There was no clear distinction between content for children and for adults, so all videos are influential even if they are of a performance.
“I can also see this content, but what I do is to report those pages to Facebook. I do not try to correspond or share. The report function is a place to notify of such acts to companies or applications, such as Facebook, YouTube or Twitter.”
Leang Sopheak Phalkun, a social media user, also noticed the growth of video production on social media, especially Facebook, Tiktok and Instagram. This trend has made it easier for consumers, business owners and young people who love producing videos.
Phalkun, 22, uses Facebook for work and entertainment. She likes some online videos but finds some others inappropriate.
She said, “Facebook allows people to showcase their new ideas and talents but at the same time allows unprofessional content creators to post videos without any foresight of the impacts of effects it could have on society, especially children. Children from 10 years old own phones. It is not a good example for them to follow inappropriate content.”
A 29-year-old mother of two sons named Chan Srey Ny voiced her worries about social media content on Facebook and TikTok.
“It is quite concerning to me because my 11-year-old son always plays games and watches videos on TikTok, Facebook and YouTube after finishing his class,” she said.
“He is too young to comprehend or understand anything that is on social media platforms, particularly the first two. And I, myself, am not tech savvy. I cannot keep up with the boy these days. I really have no idea of the content delivered to him.”
Srey Ny thinks all media content should have an age rating messages for viewers, guardians or parents. Content creators, ministries and all stakeholders must take this into consideration.
President of the Cambodia Institute for Democracy Pa Chanroeun says viral pranking and bizarre videos are designed to attract attention.
“Like, share, comment and view are all indicators that measure the success, attractiveness, and influence of those videos,” Chanroeun said.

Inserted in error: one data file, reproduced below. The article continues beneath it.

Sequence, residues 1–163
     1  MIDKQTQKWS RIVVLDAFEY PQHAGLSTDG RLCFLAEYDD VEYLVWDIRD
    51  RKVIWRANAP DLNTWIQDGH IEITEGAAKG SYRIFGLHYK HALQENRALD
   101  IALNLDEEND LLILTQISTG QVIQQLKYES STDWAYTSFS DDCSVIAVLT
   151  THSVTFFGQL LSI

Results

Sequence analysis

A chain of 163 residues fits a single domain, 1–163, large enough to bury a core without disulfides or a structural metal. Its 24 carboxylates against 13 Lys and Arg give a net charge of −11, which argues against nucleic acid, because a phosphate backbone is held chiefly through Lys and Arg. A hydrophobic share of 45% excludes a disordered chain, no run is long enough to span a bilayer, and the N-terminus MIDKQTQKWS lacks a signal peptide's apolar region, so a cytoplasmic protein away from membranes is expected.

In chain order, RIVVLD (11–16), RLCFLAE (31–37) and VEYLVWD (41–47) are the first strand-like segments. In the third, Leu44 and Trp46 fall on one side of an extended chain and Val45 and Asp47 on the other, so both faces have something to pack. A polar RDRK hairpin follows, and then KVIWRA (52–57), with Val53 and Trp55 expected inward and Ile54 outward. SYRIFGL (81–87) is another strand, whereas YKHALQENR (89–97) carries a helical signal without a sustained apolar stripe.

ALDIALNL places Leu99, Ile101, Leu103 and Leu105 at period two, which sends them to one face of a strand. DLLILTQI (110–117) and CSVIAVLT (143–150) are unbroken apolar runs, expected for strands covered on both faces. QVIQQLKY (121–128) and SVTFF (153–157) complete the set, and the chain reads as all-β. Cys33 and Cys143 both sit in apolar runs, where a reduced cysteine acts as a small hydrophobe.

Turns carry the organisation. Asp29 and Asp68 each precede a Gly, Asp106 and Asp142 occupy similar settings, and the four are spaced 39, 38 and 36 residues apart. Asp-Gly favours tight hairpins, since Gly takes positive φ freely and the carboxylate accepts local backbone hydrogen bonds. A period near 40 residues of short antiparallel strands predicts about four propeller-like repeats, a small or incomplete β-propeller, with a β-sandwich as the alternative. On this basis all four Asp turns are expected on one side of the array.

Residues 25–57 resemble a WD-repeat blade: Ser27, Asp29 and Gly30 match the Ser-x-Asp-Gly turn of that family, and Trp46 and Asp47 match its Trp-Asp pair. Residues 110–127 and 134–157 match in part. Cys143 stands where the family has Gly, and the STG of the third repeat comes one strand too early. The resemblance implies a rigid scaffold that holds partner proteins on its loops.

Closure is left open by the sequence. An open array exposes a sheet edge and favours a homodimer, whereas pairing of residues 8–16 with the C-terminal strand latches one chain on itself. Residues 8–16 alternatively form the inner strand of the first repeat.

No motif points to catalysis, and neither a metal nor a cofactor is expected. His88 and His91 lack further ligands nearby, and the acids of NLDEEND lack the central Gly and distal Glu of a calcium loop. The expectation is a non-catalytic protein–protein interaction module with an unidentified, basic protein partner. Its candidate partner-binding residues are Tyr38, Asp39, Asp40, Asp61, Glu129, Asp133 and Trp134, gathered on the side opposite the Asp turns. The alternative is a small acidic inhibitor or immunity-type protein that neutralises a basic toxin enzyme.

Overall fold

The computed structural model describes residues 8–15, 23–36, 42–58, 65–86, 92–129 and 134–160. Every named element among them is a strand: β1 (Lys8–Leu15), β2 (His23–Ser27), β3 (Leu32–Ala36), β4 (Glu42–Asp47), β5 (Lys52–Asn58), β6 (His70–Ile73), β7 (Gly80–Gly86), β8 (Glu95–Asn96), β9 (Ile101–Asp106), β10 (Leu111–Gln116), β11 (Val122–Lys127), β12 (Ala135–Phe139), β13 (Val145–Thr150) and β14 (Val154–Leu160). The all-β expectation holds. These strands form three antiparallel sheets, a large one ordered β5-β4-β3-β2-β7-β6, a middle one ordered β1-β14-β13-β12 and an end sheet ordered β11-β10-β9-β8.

“They can do everything once they drown in an idea of getting more likes or shares. However, not all likes, shares, views and comments they get are positive.”
Also, some people pretended to be journalists and content or video creators when they did not understand the value or practice of professional ethics in spreading information and news.
Chanroeun urged the Ministry of Information and stakeholders to raise awareness, point out mistakes or shortcomings of content creators or owners, and instruct them not to cause further harm and chaos on social media and in society.
“Regularly promote understanding and professionalism in disseminating content, information and news among journalists and all content creators,” Chanroeun said.
“I think it would be a great idea if there is a daily training program for social media content creators in our country.”
Pok Borak, director of Culture and Fine Arts Ministry’s Cinema Department, said the ministry does not want to control video production or content creation on social media as it does on television or in theaters, because some productions have good content. However, some producers have affected social morality and national culture.
“Instructing/educating the producers or those responsible for the production is necessary when their content excessively poses a threat to cultural values. Our instruction has not been widespread, but we will try,” Borak said.
The ministry has film guidelines that determine the level of social acceptance, age restrictions and types of content that children and teenagers can watch.